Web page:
In the world of popular song, the perennial question is, “Which came first, the words or the music?” If there’s a parallel in jazz, it may be the question, “Who wrote that, Duke Ellington or Billy Strayhorn?”
An authority deeply steeped in the subject will address the latter in an upcoming talk, part of the Jazz Education series co-sponsored by the Metuchen Arts Council and the New Jersey Jazz Society. David Hajdu, a professor at Columbia University and author of Lush Life: A Biography of Billy Strayhorn (North Point Press: 1996) will address the subject of “Ellington and Strayhorn: Alone and Together” in a virtual presentation on November 21 at 3:00 p.m.
Hajdu plans to open his discussion by considering the music each of the two composers made prior to their meeting in December, 1938. He will take up an exemplary set of collaborations between them during their years of their close association; and he will examine the music Strayhorn made outside the Ellington orbit in his final days, as well as the music Ellington was inspired to write after Strayhorn’s death in 1967.
A former President of the Duke Ellington Society, Hajdu spent more than 10 years researching his biography of Strayhorn. Widely acclaimed as an historical corrective as well as an important contribution to LGBTQ history, Hajdu’s book won many awards. It received the ASCAP/Deems Taylor Award for Music Writing, and it was named by The New York Times as one of the Hundred Best Nonfiction Books of All Time. In addition to Lush Life, Hajdu has written extensively on music and popular culture in six other books, including Love for Sale: Pop Music in America (Farrar, Straus and Giroux: October 2016). A native of Warren County, NJ, Hajdu is also a successful songwriter, working primarily as a lyricist in collaboration with the jazz composer and pianist Renee Rosnes.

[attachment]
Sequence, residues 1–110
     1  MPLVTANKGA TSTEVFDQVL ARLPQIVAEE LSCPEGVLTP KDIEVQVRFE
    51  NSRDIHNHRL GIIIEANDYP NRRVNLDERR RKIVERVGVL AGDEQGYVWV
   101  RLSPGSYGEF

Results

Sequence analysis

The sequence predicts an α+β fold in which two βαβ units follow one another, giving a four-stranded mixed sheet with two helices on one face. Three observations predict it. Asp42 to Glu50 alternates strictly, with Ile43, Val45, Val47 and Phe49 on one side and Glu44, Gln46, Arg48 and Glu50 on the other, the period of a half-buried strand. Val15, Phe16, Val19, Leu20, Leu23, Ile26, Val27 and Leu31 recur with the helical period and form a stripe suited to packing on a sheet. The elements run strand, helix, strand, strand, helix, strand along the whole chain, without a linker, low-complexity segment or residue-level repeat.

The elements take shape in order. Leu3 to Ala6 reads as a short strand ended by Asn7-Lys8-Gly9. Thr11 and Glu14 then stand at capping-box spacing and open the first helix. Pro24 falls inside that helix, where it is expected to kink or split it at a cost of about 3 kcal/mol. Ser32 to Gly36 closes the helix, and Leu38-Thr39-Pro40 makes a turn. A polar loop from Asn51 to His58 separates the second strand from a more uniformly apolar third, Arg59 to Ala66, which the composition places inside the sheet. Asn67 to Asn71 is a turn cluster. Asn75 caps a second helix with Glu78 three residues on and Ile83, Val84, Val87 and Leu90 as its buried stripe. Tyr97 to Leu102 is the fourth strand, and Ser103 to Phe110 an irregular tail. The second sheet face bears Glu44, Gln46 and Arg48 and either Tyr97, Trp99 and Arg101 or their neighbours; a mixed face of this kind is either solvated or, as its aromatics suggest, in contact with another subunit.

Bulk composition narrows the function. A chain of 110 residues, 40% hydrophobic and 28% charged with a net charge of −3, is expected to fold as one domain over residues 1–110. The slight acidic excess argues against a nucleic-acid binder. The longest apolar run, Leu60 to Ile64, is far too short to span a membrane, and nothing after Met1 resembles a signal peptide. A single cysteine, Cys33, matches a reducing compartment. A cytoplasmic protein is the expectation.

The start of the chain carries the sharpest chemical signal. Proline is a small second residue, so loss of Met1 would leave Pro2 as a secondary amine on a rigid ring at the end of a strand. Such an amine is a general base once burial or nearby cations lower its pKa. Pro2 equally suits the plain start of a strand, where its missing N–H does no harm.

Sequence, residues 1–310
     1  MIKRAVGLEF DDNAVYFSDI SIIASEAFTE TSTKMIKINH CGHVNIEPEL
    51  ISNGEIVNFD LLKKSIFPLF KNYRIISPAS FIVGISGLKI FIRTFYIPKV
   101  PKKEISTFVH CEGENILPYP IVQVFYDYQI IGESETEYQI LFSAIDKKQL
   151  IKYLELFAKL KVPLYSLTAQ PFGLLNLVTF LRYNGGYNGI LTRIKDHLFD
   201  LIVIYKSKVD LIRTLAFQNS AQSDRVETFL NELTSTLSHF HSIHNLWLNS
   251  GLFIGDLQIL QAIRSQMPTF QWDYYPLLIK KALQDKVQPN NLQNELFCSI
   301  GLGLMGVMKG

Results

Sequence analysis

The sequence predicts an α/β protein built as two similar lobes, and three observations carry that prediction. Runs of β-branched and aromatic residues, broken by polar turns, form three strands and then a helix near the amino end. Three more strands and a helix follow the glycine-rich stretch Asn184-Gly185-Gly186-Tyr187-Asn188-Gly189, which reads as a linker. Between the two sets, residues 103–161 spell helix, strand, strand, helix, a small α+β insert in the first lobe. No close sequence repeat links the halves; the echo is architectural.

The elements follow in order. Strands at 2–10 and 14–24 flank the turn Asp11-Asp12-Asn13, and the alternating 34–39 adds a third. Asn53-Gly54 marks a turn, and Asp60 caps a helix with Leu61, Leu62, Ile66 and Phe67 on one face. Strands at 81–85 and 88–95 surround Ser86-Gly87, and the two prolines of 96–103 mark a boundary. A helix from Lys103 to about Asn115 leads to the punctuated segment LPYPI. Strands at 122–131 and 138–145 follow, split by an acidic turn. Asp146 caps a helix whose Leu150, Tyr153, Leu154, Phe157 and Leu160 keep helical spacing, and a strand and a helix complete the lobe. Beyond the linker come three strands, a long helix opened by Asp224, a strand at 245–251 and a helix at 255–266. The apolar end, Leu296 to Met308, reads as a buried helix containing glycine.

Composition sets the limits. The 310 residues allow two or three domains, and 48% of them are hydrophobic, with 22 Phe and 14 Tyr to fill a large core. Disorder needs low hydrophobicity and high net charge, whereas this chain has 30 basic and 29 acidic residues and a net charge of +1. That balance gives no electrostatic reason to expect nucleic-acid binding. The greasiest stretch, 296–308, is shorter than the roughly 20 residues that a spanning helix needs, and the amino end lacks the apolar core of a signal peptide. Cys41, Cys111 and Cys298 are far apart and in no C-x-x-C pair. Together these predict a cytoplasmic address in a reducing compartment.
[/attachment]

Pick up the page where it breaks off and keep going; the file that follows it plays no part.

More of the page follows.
The presentation will be available on the njjs.org website as well as on the NJJS Facebook page and YouTube channel. Attendance is free, but donations are suggested. If you can’t watch it live, it will be archived on njjs.org and the NJJS YouTube channel.
PHOTO BY TAKAKO HARKNESS